The Committee to Protect Journalists offers the following safety tips: https://cpj.org/2020/02/cpj-safety-advisory-covering-the-coronavirus-outbr.php
How to manage your mental health as a journalist
I spoke with Professor Anthony Feinstein about what journalists can do to look after their mental health at this time which is understandably stressful for many people.
Firstly, it’s important to recognise the valuable service journalism plays in providing vital information to communities affected by crises. This is also the case with coronavirus, as it has been in other health crises and major stories such as disasters and conflict.
While this is a big and important story, it must not come at the expense of our health.
Here are Professor Feinstein’s suggestions, along with input from my experiences:
Make a list of things you can control and those you can’t. For example, you can’t control the virus, you can’t control the governments’ responses, the stock markets, and others’ behaviour. However, you can control your own behaviour and so the following may help:
- Your work is important. But so too is your health.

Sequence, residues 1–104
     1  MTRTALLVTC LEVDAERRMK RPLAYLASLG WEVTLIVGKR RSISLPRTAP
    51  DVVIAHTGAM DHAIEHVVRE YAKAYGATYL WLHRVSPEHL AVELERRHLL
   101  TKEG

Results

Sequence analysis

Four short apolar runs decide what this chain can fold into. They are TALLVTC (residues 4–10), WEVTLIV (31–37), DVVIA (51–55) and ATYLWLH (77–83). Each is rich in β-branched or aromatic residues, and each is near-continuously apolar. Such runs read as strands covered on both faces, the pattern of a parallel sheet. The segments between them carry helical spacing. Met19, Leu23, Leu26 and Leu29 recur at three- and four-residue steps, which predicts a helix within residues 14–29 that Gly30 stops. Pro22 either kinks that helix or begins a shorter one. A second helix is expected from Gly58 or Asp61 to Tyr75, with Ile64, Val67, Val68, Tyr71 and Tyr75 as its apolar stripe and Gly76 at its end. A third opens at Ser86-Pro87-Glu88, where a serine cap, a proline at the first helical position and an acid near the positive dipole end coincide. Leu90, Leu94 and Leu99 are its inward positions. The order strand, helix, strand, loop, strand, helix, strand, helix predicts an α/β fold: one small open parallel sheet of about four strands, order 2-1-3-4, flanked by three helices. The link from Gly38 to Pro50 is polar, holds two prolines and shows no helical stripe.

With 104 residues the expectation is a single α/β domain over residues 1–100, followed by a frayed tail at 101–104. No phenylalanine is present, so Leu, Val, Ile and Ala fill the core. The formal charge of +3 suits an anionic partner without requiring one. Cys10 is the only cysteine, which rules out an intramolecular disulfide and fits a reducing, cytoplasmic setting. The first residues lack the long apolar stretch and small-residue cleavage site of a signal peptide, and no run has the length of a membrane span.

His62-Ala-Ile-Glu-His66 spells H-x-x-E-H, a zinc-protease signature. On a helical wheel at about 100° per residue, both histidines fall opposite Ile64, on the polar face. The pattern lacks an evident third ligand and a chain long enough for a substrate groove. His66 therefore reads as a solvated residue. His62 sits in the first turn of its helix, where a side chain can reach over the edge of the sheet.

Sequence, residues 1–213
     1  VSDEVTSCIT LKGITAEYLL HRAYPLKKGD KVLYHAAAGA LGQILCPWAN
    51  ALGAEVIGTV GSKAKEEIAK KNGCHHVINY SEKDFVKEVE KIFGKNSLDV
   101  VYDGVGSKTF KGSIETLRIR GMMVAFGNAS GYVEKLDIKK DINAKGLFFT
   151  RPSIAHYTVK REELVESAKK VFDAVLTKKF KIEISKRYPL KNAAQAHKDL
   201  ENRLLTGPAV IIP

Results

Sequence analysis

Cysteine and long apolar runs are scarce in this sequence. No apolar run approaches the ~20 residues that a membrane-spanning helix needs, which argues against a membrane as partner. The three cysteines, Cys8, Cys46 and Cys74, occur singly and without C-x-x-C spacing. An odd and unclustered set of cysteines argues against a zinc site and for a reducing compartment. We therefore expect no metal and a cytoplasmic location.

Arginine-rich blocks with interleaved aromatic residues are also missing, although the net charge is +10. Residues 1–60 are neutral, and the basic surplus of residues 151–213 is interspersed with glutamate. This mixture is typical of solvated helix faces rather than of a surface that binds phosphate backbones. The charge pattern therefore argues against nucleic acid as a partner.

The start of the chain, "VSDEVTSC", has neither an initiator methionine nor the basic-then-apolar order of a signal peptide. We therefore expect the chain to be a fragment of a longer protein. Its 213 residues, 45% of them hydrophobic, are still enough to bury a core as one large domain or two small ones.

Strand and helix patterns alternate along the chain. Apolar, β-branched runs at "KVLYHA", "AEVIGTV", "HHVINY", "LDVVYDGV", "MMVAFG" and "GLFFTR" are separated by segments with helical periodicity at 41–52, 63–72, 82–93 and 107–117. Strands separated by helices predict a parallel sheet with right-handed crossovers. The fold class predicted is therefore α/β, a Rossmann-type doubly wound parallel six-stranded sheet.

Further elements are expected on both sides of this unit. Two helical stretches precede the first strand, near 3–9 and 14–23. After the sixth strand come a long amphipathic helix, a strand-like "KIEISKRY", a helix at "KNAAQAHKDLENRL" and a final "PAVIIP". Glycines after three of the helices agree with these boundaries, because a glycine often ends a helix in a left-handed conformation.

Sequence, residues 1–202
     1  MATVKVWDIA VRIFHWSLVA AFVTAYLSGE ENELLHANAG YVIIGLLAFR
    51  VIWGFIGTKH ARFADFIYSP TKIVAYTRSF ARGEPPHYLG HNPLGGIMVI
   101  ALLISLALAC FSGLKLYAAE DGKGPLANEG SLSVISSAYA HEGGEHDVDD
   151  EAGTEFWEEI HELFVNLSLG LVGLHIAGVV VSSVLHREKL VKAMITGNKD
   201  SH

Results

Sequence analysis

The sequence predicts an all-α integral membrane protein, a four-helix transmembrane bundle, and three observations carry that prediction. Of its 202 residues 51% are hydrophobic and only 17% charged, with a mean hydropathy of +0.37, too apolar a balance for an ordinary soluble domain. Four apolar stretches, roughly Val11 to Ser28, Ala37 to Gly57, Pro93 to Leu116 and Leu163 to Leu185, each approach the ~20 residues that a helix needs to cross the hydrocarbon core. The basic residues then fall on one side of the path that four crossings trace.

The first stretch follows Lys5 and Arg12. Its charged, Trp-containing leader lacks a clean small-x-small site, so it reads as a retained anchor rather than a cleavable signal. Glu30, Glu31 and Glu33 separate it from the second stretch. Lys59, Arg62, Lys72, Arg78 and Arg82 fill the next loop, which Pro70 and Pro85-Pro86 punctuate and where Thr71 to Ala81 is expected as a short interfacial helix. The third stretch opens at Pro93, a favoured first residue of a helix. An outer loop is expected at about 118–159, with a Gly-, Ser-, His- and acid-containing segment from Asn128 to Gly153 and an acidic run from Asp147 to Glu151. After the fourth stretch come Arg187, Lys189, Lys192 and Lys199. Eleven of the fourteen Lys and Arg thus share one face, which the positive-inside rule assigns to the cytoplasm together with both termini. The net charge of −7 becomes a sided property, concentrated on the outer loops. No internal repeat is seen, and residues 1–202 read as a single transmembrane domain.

- Make sure you are getting enough sleep
- Eat properly; try to avoid excessive alcohol and caffeine which may increase anxiety
- Take a break from work, digitally and physically
- Switch off the news and social media
- Recognise that it’s normal to feel affected by difficult images or stories
- If you can go for a walk, then do so
- If you can’t get outside, consider something else to give yourself a break: ie looking at images that make you happy (animals for instance); trying meditation or mindfulness; watching a comedy, reading a book
- Spend time with family if you can, and friends if that is possible – even if this is only remotely. With more of us working remotely, isolation can be a big issue and isolation can put pressure on your mental health